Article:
This sounds like an easy question to answer.
But it isn’t.
The ‘slightly-avoiding-the-question’ answer is that you need to sharpen your knife as soon as you notice it's not cutting like it was when it was new.
But how often roughly, Bert?, I hear you asking.
Well, I’d say that, typically, chefs should use a honing rod once or twice daily and home cooks every week. Chefs should use a whetstone monthly and home cooks every six months.
Sharpen your knife as soon as you notice it's not cutting like it was when it was new.
But it depends on quite a number of things….
1. HOW OFTEN YOU USE YOUR KNIVES
Seems obvious. Butchers sharpen their knives multiple times a day and most chefs do too. At home, as long as you look after your knives really well, you can keep them super sharp by using a ceramic honing rod weekly as well as whetstones once or twice a year.
2. WHAT KIND OF FOOD YOU CUT
If you do a lot of butchery, that will dull your knives faster than fruit and veg will. If you cut against bone or frozen food, you also risk chipping your knife.
3. WHAT YOU ARE CUTTING ON TO
The most important thing here is to completely avoid cutting onto materials that are harder than steel, like ceramic plates or glass chopping boards. I can’t believe glass chopping boards exist. Your chopping board should be made of a soft material like plastic or wood. End grain wooden chopping boards are amazing as the blade actually goes between the wood fibres which then close up again afterwards.
4. HOW SHARP YOU WANT TO KEEP YOUR KNIVES
If you want your knives to be able to shave hair off your arm every time you pick them up, you’ll need to use a strop or polishing whetstone at least weekly. You’ll also need to look after your blades very well (see below).
5. THE HARDNESS AND QUALITY OF THE BLADE MATERIAL
The hardness of the steel is important in stopping your knives going blunt. The harder the edge, the longer it will last. However, harder steel is also more brittle and likely to chip, so there’s a balance. At TOG, we believe the optimum balance is at around 60 on the Rockwell scale (HRC). Remember… if a really hard blade is more likely to chip then the edge won’t actually last longer. Really hard steels are also harder to sharpen. Finally, better quality steel is also stronger, so don’t buy cheap.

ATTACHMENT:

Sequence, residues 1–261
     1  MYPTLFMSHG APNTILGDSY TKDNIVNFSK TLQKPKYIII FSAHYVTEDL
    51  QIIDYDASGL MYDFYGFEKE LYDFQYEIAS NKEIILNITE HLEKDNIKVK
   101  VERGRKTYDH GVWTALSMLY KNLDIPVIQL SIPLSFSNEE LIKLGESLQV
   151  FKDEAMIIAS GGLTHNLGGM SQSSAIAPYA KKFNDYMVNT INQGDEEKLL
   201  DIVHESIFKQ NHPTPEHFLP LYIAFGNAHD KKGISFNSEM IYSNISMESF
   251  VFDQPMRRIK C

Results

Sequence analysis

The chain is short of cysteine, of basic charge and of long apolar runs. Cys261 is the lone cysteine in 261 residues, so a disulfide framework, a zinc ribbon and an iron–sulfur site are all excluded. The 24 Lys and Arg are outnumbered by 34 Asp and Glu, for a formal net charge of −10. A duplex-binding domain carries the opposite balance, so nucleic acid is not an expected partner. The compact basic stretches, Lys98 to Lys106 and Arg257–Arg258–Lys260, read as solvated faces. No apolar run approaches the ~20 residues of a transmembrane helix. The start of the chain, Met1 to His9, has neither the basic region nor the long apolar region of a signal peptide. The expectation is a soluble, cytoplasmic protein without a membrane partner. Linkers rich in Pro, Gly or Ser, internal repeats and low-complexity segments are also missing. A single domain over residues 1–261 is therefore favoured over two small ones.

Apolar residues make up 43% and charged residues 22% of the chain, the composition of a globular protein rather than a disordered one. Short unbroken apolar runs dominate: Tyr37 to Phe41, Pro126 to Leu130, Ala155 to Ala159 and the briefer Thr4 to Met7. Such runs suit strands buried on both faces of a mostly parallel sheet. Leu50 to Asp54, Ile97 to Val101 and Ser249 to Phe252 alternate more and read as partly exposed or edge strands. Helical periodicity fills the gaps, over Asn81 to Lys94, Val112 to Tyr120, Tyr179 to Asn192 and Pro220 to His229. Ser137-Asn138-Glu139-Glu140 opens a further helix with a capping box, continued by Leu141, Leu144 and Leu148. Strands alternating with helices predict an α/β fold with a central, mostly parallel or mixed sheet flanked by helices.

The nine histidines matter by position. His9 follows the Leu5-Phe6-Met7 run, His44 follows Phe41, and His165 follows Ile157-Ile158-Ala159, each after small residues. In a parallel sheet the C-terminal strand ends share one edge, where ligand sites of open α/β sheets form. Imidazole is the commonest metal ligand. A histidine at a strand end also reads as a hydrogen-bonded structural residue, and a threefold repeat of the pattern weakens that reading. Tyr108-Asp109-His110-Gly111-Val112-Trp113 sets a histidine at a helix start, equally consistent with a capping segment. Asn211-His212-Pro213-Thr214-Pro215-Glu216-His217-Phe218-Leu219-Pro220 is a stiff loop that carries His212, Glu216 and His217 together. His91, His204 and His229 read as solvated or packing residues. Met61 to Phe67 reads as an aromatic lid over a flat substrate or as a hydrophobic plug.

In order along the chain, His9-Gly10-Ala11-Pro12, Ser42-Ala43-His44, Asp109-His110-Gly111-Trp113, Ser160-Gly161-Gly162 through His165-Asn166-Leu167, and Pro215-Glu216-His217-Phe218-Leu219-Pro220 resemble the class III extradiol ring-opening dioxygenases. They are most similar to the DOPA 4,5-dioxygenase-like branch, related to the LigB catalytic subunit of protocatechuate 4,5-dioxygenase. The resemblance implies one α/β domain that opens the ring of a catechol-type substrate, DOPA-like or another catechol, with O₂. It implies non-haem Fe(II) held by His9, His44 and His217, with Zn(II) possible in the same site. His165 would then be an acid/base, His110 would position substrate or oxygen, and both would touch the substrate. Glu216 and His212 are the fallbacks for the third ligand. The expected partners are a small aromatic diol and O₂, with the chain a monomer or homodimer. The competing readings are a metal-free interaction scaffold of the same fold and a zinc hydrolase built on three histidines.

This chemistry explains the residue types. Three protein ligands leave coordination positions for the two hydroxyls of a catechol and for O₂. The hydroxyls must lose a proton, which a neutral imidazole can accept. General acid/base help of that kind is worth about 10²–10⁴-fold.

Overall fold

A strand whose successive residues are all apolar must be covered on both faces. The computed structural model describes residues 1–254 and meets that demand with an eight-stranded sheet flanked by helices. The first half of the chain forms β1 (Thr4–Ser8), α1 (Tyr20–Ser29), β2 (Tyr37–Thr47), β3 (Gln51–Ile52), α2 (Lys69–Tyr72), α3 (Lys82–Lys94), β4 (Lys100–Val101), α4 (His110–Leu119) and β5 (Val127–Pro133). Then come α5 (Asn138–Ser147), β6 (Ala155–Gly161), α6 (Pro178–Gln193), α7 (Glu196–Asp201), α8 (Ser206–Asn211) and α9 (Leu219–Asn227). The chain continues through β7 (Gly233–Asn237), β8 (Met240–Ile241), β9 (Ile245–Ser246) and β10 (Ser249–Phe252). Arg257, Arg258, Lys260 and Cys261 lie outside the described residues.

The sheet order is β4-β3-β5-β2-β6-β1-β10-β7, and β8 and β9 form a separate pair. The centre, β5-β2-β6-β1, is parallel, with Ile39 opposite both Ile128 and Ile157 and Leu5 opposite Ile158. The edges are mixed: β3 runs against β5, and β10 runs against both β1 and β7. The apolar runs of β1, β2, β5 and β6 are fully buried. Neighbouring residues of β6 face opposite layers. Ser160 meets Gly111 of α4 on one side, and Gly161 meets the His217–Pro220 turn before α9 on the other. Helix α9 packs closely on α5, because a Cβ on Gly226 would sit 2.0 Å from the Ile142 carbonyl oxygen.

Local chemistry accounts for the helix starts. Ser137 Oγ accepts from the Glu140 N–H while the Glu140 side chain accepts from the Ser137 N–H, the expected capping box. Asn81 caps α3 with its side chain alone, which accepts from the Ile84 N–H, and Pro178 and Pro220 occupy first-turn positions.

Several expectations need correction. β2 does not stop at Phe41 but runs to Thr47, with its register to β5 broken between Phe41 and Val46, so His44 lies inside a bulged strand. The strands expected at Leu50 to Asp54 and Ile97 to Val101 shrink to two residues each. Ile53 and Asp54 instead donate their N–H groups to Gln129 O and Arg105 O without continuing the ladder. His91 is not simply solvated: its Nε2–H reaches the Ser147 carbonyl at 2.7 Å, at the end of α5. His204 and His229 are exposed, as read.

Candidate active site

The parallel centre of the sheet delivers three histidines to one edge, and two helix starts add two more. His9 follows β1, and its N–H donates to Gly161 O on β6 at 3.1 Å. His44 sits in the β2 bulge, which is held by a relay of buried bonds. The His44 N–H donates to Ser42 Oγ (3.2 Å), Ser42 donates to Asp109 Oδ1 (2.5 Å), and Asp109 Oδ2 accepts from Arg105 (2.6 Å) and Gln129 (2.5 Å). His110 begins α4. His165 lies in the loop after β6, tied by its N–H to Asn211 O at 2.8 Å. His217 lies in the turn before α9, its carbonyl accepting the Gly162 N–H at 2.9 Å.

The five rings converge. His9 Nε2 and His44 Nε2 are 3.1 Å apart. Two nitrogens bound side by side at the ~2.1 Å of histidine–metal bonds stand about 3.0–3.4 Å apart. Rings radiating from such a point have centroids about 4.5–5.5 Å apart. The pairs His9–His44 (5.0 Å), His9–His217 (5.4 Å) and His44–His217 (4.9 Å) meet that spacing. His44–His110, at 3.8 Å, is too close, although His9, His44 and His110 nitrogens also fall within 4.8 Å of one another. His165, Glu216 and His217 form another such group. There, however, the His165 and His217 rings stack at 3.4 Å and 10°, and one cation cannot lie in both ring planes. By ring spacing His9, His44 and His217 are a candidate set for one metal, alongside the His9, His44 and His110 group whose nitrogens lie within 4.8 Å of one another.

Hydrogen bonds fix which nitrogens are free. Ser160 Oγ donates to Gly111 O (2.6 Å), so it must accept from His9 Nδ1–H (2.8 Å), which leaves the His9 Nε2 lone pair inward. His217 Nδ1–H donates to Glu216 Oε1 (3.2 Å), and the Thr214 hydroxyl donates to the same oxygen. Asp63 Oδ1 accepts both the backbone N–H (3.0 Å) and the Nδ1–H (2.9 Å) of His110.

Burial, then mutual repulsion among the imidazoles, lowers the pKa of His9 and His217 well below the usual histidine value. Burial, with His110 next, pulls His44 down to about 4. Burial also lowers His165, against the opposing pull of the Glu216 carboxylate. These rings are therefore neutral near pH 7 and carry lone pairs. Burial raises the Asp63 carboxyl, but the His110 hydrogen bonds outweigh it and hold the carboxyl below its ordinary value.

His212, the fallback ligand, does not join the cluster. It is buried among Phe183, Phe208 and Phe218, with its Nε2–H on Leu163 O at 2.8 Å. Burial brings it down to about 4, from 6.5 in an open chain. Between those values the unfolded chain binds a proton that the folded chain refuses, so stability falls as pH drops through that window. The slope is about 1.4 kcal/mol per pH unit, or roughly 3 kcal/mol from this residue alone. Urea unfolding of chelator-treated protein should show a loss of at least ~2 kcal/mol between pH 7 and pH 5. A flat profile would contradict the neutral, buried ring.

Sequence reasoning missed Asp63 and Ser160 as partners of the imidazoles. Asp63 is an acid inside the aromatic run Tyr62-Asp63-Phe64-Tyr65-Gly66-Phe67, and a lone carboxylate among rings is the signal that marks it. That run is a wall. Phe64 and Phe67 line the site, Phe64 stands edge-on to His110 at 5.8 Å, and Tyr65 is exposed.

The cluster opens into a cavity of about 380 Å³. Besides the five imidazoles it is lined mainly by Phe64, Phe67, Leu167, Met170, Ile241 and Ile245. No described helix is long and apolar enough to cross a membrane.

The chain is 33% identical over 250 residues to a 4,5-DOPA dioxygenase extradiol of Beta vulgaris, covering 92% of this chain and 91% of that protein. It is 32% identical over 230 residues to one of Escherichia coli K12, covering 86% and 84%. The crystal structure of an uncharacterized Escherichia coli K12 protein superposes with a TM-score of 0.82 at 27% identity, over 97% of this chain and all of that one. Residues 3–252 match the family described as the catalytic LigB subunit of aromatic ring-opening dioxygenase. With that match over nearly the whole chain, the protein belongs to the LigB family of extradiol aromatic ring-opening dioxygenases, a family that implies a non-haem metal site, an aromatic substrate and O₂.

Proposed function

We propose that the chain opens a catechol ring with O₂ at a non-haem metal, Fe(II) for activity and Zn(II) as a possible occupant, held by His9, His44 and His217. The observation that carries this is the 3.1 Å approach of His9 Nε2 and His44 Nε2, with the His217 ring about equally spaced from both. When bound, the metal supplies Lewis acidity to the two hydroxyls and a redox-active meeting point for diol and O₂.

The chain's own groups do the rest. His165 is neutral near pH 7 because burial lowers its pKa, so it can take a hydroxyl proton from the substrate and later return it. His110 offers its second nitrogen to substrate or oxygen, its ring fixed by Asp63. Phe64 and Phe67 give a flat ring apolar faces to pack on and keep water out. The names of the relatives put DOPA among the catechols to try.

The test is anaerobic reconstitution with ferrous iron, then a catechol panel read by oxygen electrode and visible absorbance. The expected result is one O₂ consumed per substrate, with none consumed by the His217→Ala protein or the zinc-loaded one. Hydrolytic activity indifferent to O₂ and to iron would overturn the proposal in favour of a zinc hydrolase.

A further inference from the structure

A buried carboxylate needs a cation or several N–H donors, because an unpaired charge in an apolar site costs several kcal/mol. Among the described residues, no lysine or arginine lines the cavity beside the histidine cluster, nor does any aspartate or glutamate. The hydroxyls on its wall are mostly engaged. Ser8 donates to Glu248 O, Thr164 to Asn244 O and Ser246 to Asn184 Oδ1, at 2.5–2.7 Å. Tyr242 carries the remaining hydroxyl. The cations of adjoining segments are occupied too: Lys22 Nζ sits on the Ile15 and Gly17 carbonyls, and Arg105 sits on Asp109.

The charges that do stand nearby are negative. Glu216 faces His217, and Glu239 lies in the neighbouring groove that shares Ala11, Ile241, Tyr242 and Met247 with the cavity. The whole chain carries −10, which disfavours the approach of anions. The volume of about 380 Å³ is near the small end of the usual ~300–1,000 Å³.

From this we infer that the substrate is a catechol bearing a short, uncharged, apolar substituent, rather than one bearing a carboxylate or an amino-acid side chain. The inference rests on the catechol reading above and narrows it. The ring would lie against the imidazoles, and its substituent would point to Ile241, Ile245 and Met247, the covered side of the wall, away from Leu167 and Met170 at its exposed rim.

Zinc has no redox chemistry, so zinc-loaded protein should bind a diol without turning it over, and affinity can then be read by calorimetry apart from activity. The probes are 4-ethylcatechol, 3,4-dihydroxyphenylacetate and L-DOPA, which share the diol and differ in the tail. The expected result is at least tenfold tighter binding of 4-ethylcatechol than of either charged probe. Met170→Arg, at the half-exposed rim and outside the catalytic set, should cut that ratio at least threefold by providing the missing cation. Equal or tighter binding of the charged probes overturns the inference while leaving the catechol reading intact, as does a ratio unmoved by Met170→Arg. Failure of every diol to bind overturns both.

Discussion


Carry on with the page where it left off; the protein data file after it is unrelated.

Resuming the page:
6. HOW YOU CARE FOR AND STORE YOUR KNIVES
Treat your knives with care. A lot of care. Then you won’t have to sharpen them very often. If you put them in a dishwasher or store them in a drawer, the edges can bash against other metal things. Cutting against bone or frozen food will dull your knives very fast. Scraping food across a board with your carefully sharpened edge isn’t great either – turn the knife upside down and use the spine (TOG knives have straight spines). Finally… store your knives properly on a magnetic rack, magnetic knife block or in a roll.
7. WHETHER YOU USE A CERAMIC HONING ROD / STEEL
These are not for sharpening, but for maintaining a sharp edge. The apex of a very sharp knife is incredibly thin and tiny bits gets bent over with time. A ceramic honing rod bends these back straight as well as grinding a little bit of steel away. These two actions together can quickly restore the edge you had before, meaning you don’t need to use whetstones nearly as often.
Hope all that helps. The last thing to remember is that the more often you sharpen, the faster you’ll wear down your blade. Minimise this by using a ceramic honing rod and only get the coarse whetstone out if you really need to. Traditionally in Japan, long slicing knives (Sujihiki) are sharpened and sharpened for years until they actually turn into small utility (Petty) knives.
So, to summarise, use a honing rod regularly to maintain the sharp edge of your knife. Look after your knives by using a wooden chopping board, storing them properly and by not cutting hard things. Then you’ll only need to use a whetstone once every few months. Keeping checking how sharp your knives are and sharpen them when you feel they need it.
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